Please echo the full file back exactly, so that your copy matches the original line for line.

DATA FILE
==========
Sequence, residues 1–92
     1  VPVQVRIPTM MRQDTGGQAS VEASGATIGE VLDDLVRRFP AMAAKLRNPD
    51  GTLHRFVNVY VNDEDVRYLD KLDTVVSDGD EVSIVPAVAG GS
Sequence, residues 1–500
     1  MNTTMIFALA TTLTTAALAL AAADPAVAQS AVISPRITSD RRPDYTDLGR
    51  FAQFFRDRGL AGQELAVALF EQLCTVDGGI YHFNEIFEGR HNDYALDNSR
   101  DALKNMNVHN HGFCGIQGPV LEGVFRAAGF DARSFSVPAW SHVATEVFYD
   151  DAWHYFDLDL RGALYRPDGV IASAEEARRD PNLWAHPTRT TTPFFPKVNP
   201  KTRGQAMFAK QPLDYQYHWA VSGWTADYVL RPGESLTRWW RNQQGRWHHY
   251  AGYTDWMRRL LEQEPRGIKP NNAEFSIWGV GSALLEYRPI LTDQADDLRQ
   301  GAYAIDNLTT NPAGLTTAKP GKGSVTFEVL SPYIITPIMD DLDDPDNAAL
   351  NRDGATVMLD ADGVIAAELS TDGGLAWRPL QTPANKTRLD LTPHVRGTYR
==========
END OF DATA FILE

Sequence, residues 1–92
     1  VPVQVRIPTM MRQDTGGQAS VEASGATIGE VLDDLVRRFP AMAAKLRNPD
    51  GTLHRFVNVY VNDEDVRYLD KLDTVVSDGD EVSIVPAVAG GS
Sequence, residues 1–500
     1  MNTTMIFALA TTLTTAALAL AAADPAVAQS AVISPRITSD RRPDYTDLGR
    51  FAQFFRDRGL AGQELAVALF EQLCTVDGGI YHFNEIFEGR HNDYALDNSR
   101  DALKNMNVHN HGFCGIQGPV LEGVFRAAGF DARSFSVPAW SHVATEVFYD
   151  DAWHYFDLDL RGALYRPDGV IASAEEARRD PNLWAHPTRT TTPFFPKVNP
   201  KTRGQAMFAK QPLDYQYHWA VSGWTADYVL RPGESLTRWW RNQQGRWHHY
   251  AGYTDWMRRL LEQEPRGIKP NNAEFSIWGV GSALLEYRPI LTDQADDLRQ
   301  GAYAIDNLTT NPAGLTTAKP GKGSVTFEVL SPYIITPIMD DLDDPDNAAL
   351  NRDGATVMLD ADGVIAAELS TDGGLAWRPL QTPANKTRLD LTPHVRGTYR